Part-term Learning in Preschool Children with Low Socioeconomic Status
Spencer, Elizabeth J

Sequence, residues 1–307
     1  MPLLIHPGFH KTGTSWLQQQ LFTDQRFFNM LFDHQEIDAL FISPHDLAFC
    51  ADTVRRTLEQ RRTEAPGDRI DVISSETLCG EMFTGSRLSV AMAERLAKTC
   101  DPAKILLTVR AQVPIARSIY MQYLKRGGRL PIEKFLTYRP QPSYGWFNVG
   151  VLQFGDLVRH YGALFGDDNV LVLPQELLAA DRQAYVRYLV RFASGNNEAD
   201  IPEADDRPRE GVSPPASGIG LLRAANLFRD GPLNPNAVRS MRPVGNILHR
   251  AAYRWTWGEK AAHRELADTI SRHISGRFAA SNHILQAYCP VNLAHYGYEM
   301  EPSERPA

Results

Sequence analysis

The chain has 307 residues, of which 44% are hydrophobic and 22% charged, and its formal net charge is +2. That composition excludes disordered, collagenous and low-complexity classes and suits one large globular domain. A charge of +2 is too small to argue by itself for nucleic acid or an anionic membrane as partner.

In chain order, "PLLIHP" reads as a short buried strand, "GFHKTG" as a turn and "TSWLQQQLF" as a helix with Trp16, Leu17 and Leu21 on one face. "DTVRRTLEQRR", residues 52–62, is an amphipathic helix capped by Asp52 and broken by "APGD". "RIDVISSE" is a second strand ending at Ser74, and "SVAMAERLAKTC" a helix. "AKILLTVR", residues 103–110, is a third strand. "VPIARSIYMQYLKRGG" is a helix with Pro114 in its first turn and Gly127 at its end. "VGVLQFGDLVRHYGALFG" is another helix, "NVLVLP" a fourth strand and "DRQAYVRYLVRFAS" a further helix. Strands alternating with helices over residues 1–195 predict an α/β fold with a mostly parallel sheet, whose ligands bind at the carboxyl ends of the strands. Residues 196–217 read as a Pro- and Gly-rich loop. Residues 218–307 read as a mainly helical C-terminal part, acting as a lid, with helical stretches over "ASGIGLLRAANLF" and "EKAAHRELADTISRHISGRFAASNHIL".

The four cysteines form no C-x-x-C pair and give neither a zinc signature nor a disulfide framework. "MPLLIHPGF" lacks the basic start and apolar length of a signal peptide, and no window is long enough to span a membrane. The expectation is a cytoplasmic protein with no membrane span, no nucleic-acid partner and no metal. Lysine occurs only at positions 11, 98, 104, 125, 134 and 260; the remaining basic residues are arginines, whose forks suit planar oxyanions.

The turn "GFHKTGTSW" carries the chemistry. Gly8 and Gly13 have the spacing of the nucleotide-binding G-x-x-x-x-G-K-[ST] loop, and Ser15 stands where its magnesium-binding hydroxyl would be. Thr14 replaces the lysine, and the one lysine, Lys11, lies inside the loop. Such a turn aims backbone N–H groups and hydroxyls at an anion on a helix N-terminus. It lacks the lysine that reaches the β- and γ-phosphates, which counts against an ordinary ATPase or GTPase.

The goal of this study was to examine word learning in preschool children with low socioeconomic status (SES) to inform an understanding of the limited word knowledge of this population. There is evidence to suggest that impoverished linguistic input explains substantial variability in word knowledge of children with low SES. Research has not yet considered the ways that children with low SES make use of linguistic input. Participants, preschool children with low SES, completed a part-term fast-mapping task. Specific cues of a familiar whole object, possessive syntax, and whole-part juxtaposition were provided to children in linguistic input using standard verbal scripts. As a group, participants provided more part-term responses when provided with cues than when no cues were presented. Participants provided the most part-term responses when multiple cues were presented in combination. Thus, children with low SES appear to use word learning strategies to make use of information in the linguistic input, similar to peers with higher SES. Participants with limited word knowledge, as defined by performance on a norm-referenced measure, were less accurate on the part-term task than peers with age-appropriate word knowledge. This finding suggests that children with low SES and limited word knowledge are inefficient word learners.